Greg Djerejian argues that we need more boots in the ground in Iraq:
It’s easy to beat up on me, as Brad DeLong does, for not stating that the buck stops with POTUS. Except that Kerry would have been even worse–all but guaranteeing that Iraqi democratization would not have been seriously pursued (“wrong war, wrong place, wrong time”; troops out w/in 4 years, interim authority head but a “puppet”, the better to play into the insurgent’s propaganda and handbook). Between arguably underwhelming options in elections, sometimes, hard decisions have to be made. But what’s clear now is that it is in all of our interests that the Iraq project not flounder. This would prove the biggest American foreign policy disaster since Vietnam, perhaps worse even. It would allow radical jihadists to renew their momentum, render risible talk of Middle Eastern democratization, and make America appear a paper tiger again (as during the abdication-of-global-leadership-ridden Clinton years). These are critical times. Rumsfeld, if we’re stuck with him, needs to be persuaded to rotate more troops into theater. It’s not only Chuck Hagel and John McCain who need to raise the pressure. Joe Lieberman and Evan Bayh, on the other side of the aisle, should consider doing so to. Better safe than sorry. Force matters. The Powell Doctrine is not dead. Rumsfeld must snap out of denial and get back to basics. Quickly.
I wholeheartedly agree that a stable and free Iraq is now vital to our national interest. If we pull out of Iraq, it will be beyond disastrous. However, the question then becomes "how do we fight this war effectively?" I’m not entirely positive that more boots on the ground is the way to do that.
First of all, we have to understand our limitations. We can’t be at every street corner in the country. We can’t have armed troops at every polling place in Iraq in the upcoming elections — in fact, that would be a rather bad idea. We could have half a million troops in Iraq and still not be able to do that. If our goal is to have sufficient manpower to guard the Iraqi elections, that isn’t a reasonable goal. We can’t be everywhere.
That isn’t to say that the current plan to add more troops isn’t the right one. We may not be able to guard every polling place, but we certainly can and should try to protect as many as we can, especially in and around the Sunni Triangle and other areas of concentrated violence.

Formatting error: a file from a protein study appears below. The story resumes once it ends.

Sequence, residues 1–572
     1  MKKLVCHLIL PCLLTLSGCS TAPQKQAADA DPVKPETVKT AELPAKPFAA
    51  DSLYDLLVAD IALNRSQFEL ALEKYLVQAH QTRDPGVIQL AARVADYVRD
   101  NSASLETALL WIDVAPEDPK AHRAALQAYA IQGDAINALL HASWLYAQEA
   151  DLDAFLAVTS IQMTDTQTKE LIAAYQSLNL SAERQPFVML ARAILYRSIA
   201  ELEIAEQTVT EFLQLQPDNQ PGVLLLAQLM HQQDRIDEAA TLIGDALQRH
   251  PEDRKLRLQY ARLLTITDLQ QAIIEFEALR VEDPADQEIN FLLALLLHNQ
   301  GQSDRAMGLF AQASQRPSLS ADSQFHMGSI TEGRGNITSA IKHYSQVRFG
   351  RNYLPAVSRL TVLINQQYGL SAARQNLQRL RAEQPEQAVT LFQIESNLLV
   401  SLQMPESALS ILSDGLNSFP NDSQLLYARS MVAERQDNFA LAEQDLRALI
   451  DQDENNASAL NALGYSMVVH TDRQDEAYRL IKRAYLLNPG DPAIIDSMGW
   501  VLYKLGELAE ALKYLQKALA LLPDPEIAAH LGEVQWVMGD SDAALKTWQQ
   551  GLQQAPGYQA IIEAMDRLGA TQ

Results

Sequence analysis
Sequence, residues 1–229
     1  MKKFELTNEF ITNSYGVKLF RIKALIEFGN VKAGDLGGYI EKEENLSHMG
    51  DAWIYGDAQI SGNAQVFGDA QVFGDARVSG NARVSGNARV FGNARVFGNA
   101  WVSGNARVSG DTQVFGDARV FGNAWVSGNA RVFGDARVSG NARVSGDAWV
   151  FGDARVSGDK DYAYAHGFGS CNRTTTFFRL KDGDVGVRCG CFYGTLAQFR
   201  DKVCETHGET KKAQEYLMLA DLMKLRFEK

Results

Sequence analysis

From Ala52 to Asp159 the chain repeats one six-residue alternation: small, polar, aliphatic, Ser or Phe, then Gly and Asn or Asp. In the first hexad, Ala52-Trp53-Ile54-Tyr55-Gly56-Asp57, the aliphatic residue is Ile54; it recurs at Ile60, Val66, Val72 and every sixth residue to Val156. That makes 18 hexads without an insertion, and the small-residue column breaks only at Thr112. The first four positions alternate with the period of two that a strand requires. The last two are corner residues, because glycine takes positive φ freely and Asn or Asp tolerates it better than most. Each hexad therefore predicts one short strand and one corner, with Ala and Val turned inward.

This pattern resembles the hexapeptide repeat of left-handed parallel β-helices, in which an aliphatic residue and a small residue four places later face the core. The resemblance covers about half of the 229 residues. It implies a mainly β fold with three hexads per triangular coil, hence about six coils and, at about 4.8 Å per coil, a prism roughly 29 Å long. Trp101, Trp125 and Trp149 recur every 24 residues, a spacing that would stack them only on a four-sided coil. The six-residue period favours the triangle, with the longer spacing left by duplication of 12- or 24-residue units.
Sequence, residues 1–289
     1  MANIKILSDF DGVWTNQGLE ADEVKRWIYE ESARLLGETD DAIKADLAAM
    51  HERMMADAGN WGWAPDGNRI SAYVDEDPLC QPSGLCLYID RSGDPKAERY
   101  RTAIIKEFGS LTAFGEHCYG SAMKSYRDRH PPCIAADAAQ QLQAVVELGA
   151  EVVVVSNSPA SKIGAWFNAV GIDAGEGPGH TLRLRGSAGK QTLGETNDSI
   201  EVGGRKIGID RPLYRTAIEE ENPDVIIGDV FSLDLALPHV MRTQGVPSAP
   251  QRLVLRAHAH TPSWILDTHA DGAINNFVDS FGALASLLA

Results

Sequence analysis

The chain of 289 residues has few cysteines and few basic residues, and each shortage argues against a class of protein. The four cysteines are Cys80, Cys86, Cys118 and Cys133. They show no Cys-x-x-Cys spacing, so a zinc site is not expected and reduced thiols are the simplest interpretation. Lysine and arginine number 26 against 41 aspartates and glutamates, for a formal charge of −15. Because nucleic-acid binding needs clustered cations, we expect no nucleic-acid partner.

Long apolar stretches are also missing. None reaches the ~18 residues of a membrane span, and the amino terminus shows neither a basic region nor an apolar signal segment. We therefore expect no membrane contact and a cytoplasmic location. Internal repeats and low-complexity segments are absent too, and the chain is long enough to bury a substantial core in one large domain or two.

Furthermore, boots on the ground are only good if they have intelligence that makes them effective. Right now our intelligence inside Iraq is better than it has been before, but we still don’t know all that much about the terrorist groups operating inside Iraq. Without solid intelligence, additional troops just become additional targets. We need to increase our ability to predict and prevent future attacks before we can guarantee that additional troops would be more effective.
There is also the issue of logistics. More soldiers require more food, more ammo, more fuel, and more supplies. All of those have to be trucked through Iraq in convoys that are the most frequent targets of terrorist attack. Increasing the number of troops requires more troops to operate and guard those lines of supply, which creates a kind of law of diminishing returns. If we’re devoting more resources to guarding our supply lines, we’re not attacking the terrorists as we should.
The conventional wisdom is that we need more boots on the ground. However, we’re not fighting in a conventional conflict. Unconventional conflicts require unconventional tactics.
A better solution is to use what we have more effectively. The offensive against the terrorist strongholds in Fallujah was a good start — we have to continue to take the fight to the enemy. If additional troops free more resources towards that end, then adding additional troops would be a sound policy. However, we cannot nor should we be a replacement for Iraqi police. Our soldiers are not traffic cops, they’re trained and effective warriors. We need them to do the job they were assigned.
For places like Mosul, we have a solution waiting for us to call upon. The Kurdish peshmerga are effective and well-trained soldiers who know the area, know the language, and could provide valuable security assistance. However, we’ve been unwilling to use them until recently. Our first priority must be to restore security, and if that means playing the ethnic division in Iraq to our advantage, so be it. The Sunnis have an opportunity to come to the table in the new Iraq — however, so long as the Sunni Triangle remains the epicenter of terrorism in Iraq, we have to do whatever it takes to diminish the threat.
It seems as though the assessment of the situation in Iraq gets better rather than worse the closer one gets to it. The Iraqi people and the coalition troops are far more optimistic about the situation in Iraq than the media or the American public. The people that spend every day in Iraq and see the whole picture understand that despite the violence, the situation in Iraq is not nearly as bad as it has been made out to be.
This is a question of resolve — so long as our resolve remains greater than that of the terrorists, we will win. However, the terrorists understand our weaknesses and will do whatever they can to reduce support for the war again. The enemy is playing to the Vietnam playbook — it is beyond imperative that we do not follow their lead.